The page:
The Gateron Brown switches we did our tests with provide a great typing experience. The switches feel light and give nice tactile feedback. Also, it doesn't feel tiring to type on, which is nice considering how compact the keyboard is. That said, the ABS plastic keycaps feel slippery and cheap.
Our unit of the Keychron K6 with the Gateron Brown switches is quiet, but your experience may vary depending on which switch you get.
The Keychron K6 has impressive latency, and most people shouldn't notice any delay when gaming. If you want a compact board with even lower latency, check out the Razer BlackWidow V3 Mini HyperSpeed.
Unfortunately, the Keychron K6 wireless mechanical keyboard doesn't have software support. It mentions in the user manual that you can remap the keys through third-party software, but we haven't tested this. If you'd like a barebones keyboard with dedicated customization software, check out the Glorious GMMK PRO.
The Keychron K6 has excellent compatibility. It's fully compatible with Windows, and on macOS, only the screen brightness buttons don't work. Bluetooth doesn't work with Linux, so we had to use the keyboard plugged in. Also, F3 and F4 don't work on iOS and Android.
We tested the Keychron K6 with an aluminum frame, RGB backlighting, and Gateron Brown switches. There's a variant with a plastic frame, which you can get with white or RGB backlighting. You can also get the keyboard with Gateron Blue or Red switches, LK Optical Brown, Red, or Blue switches, or hot-swappable switches, so you can put in whichever switches you prefer.
The Keychron K6 is a compact and wireless keyboard that makes for a very good companion for use with your cellphone or tablet. It can be used wired or wirelessly over Bluetooth and can be paired with up to three different devices. This is a smaller version of the Keychron K4 but with full RGB backlighting, while the K4 only has a white backlight. There are two incline settings, unlike the Keychron K1, which has none.
The Keychron K8 is a larger version of the Keychron K6. The K8 is a TenKeyLess (80%) keyboard, while the K6 is 65%. Both keyboards are available with Gateron or Keychron Optical switches. If you plan on using it for gaming, the K6 has lower latency, although you have to it wired.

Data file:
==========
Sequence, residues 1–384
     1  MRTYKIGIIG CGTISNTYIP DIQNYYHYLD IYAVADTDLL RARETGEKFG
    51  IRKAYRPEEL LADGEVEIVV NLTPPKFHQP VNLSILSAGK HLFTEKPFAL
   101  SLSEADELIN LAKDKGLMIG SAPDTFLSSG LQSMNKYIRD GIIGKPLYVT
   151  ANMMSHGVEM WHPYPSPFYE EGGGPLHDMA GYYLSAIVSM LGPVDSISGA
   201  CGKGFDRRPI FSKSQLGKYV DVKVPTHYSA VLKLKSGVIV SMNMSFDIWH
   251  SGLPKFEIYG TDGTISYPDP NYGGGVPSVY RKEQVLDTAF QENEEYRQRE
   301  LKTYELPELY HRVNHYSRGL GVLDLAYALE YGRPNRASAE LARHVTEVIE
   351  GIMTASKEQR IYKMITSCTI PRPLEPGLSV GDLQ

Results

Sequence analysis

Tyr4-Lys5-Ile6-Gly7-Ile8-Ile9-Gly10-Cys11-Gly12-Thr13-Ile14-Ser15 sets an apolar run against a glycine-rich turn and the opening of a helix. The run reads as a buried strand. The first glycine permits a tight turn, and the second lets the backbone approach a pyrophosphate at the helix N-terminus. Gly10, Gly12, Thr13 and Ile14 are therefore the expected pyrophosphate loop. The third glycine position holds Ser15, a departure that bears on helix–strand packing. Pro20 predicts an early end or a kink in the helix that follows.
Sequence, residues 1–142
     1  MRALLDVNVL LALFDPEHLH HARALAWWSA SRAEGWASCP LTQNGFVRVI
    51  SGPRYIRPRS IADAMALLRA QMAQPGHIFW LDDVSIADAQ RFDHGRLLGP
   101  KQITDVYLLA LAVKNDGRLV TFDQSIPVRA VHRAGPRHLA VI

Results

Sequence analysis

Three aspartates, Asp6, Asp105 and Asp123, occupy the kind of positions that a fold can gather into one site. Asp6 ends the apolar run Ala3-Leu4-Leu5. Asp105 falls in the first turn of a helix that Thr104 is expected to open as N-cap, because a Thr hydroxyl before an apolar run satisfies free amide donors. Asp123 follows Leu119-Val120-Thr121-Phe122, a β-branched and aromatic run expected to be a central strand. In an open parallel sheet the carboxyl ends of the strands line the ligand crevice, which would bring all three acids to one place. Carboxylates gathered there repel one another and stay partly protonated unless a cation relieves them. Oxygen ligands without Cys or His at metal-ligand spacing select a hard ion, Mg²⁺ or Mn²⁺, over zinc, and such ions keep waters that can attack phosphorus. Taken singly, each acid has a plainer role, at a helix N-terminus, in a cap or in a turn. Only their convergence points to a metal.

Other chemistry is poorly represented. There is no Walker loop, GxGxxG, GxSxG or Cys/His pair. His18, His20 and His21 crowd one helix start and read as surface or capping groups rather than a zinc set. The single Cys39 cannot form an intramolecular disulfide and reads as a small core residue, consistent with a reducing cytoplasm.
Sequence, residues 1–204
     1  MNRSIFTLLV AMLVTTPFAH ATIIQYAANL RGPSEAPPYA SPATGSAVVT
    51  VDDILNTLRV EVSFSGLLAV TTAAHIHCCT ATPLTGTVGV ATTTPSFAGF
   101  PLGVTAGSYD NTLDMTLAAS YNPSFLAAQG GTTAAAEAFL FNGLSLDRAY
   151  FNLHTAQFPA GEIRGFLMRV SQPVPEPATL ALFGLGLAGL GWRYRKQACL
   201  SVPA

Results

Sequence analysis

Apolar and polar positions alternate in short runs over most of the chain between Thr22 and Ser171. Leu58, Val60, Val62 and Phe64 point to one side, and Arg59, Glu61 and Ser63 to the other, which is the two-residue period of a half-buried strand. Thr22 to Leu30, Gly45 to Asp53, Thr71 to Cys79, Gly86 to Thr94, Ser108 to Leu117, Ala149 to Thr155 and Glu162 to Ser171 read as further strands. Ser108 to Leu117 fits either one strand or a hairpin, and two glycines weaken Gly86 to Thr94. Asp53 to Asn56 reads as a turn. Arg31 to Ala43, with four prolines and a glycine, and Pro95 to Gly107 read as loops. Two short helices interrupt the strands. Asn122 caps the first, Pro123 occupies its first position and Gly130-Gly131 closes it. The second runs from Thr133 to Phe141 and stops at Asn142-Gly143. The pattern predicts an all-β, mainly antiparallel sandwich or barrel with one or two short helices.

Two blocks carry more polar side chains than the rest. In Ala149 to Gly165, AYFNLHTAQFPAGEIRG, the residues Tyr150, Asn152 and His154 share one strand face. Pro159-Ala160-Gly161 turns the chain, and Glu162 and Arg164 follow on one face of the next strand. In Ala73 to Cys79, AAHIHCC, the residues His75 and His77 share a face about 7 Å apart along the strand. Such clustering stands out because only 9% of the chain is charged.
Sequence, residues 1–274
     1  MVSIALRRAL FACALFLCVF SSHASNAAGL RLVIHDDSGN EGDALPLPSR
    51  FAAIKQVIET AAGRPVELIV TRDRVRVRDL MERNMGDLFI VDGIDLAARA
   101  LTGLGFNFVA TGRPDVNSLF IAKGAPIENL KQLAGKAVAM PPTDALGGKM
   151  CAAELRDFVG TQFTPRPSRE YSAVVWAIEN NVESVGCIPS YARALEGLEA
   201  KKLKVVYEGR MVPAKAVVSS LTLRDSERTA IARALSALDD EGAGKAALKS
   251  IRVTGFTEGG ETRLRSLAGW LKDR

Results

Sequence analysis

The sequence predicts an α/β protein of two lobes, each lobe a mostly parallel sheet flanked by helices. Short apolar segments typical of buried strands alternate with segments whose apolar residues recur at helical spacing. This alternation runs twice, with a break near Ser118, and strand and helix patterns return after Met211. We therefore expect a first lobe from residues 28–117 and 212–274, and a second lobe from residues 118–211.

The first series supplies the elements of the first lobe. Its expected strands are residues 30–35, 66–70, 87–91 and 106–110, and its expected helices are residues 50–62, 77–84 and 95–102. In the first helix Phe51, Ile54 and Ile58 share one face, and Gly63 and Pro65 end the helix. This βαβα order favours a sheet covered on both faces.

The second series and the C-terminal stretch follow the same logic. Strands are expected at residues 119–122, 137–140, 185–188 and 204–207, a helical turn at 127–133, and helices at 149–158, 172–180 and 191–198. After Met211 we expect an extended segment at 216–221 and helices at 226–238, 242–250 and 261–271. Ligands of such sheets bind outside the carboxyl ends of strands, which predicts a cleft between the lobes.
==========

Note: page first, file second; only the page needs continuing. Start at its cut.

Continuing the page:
The Ducky One 2 SF and the Keychron K6 are both 65% keyboards, but the Ducky is wired, while the Keychron is wireless. The Keychron can be paired with up to three devices at once, which is great for multitasking. On the other hand, the Ducky has macro-programmable keys and onboard memory, which the Keychron lacks. Both keyboards are available in a variety of switch options. Unfortunately, the Ducky's latency is high, even higher than the Keychron's Bluetooth latency, making it less ideal for fast-paced games.
The Keychron K6 and the Keychron K12 are nearly identical wireless mechanical boards, but the K6 is a 65% compact, and the K12 is a 60% compact. The K6 has dedicated navigation keys, including arrow keys, which the K12 lacks. Also, the K6 has lower latency, making it a better choice for casual gaming than the K12.
The Obinslab Anne Pro 2 is a better wireless keyboard than the Keychron K6 overall. The Obinslab has much better latency, giving you a faster gaming experience. All of its keys are macro-programmable, and the keyboard is compatible with the ObinsKit software for easy customization. You can also pair it with four devices over Bluetooth. That said, the Keychron has dedicated arrow keys, which the Obinslab lacks, and its ergonomics are a bit better, thanks to the two incline settings. However, you can only pair three devices over Bluetooth at a time.
The ASUS ROG Falchion is better than the Keychron K6 for gaming. The ASUS has much lower latency whether used wired or wirelessly, and it comes with a polycarbonate cover case to protect the keys when traveling with it. You can set macros to any key on the ASUS, including to the touch panel on its left side, and you can customize the RGB backlighting. If you're looking for a wireless board to use with more than one device at once, the Keychron has Bluetooth and can pair with up to three devices. You can get the Keychron with Gateron or LK Optical switches, or you can get the hotswappable variant.